It was raining just a minute ago. As

it started I thought wet link fence, thought


toward you gone again. I don’t know you,

morning smoke in bare legs and coat with me


taking the opposite roadside saying

walk cold heels and dropping pastry flake on the brick.


Or you, who lettered the sign driving south, told us

WE HAVE JACKETS but also PRAY. Your shoulder, which


was hard leaning on the bus window, which was blurred

warmer, lace-dropped water with all of that


breath. I wanted a person to take my

picture, wanted you, old egg, good soul.

Anne Birdie



Every train is built of continuous arrival; someone

is always getting home. I sit there daily,

a tuck in my chest, the sky tender between

Carvel and the taco shop, the rooftop graffiti

under my seat saying twice daily I love you Anne Birdie.

I have pictured her,

everything she says a bath of both other and home,


sitting on porches and having something to do with the weather,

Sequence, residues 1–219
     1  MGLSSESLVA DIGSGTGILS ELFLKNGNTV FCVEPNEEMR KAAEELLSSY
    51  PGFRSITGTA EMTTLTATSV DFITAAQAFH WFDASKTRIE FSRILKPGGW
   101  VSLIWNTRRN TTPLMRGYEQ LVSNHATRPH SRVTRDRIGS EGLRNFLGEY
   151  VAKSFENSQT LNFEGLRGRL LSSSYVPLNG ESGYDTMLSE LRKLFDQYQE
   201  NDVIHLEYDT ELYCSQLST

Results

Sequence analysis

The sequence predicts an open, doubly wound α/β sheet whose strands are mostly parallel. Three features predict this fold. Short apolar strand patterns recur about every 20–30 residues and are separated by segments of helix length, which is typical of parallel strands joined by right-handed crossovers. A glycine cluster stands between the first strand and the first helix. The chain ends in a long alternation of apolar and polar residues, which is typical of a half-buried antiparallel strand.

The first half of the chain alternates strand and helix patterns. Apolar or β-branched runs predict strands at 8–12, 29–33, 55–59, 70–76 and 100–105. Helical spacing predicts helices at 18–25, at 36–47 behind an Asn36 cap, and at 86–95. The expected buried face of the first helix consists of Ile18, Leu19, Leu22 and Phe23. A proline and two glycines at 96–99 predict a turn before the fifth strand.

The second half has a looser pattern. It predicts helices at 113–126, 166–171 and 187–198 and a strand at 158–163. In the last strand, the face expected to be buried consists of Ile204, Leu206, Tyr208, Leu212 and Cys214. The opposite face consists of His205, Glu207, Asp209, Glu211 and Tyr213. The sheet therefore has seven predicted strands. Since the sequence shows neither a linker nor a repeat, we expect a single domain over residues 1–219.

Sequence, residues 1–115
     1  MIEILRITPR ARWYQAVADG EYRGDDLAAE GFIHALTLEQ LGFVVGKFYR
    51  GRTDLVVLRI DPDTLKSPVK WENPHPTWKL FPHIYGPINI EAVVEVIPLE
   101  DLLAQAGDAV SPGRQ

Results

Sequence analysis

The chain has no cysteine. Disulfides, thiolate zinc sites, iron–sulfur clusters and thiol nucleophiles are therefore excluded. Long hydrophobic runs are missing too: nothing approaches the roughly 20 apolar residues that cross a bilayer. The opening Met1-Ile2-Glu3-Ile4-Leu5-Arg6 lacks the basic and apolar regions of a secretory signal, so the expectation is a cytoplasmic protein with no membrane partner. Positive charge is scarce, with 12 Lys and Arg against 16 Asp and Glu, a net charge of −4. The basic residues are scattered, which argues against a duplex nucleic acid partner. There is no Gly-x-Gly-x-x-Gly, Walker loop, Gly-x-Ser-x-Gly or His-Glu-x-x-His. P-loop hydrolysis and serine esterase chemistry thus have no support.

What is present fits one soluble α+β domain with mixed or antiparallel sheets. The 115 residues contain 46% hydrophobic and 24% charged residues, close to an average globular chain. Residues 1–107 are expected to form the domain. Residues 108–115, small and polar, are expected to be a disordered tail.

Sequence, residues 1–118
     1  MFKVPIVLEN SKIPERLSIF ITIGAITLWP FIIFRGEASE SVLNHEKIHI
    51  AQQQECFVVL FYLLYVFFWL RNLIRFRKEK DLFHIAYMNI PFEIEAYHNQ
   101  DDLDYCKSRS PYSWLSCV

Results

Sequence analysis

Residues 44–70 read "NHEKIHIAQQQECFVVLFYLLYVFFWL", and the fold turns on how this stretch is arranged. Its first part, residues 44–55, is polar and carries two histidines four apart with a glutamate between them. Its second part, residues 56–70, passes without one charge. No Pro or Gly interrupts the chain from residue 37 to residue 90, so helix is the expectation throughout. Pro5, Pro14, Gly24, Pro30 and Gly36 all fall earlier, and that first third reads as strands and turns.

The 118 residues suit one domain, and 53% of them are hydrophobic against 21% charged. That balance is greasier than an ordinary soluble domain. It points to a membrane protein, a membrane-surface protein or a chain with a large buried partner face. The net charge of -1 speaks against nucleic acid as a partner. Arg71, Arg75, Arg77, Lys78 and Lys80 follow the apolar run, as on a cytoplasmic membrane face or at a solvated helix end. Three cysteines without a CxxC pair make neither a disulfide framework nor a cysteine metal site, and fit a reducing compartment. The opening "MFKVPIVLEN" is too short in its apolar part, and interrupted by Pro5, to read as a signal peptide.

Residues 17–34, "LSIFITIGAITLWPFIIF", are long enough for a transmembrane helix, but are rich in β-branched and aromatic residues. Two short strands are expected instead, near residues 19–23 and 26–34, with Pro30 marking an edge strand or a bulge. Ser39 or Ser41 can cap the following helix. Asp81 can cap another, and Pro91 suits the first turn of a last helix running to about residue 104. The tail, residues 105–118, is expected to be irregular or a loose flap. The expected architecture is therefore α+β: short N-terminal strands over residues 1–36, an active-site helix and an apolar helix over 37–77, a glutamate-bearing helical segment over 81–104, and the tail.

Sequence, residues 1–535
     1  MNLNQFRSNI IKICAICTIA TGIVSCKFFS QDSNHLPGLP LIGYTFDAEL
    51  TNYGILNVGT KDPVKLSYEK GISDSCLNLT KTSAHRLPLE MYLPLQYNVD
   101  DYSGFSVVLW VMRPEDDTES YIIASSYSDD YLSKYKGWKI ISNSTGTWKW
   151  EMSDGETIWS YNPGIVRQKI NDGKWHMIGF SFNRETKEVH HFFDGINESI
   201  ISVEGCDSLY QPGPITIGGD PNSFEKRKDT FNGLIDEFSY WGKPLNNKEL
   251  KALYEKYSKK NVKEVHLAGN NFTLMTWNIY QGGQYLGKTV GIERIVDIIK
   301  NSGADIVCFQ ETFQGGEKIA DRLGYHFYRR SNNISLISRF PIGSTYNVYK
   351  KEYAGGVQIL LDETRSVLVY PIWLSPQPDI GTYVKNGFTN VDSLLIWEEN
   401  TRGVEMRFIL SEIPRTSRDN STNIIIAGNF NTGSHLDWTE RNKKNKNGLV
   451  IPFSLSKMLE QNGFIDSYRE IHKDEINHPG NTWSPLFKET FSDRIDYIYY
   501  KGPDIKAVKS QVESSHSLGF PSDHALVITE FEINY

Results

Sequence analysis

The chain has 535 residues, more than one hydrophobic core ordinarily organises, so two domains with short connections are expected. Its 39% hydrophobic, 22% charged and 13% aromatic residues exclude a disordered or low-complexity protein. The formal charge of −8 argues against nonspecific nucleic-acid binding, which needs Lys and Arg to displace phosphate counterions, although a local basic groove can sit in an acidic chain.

mixed smoke and copper stains banding her fingers.

I have only lived here a little and every day I am already leaving,

sifting deli receipts and replaying conversations one neighbor

had with another through their kitchen windows, lemon zest

and yeasted air carried to me standing loosehanded

on the sidewalk. My mother had five daughters, one said.

Emma Aylor is the author of Twos (Dancing Girl Press, 2014) and an MFA candidate in poetry at the University of Washington. Her poems have appeared in Handsome, the Adirondack ReviewTwo Serious LadiesVinyl, and elsewhere.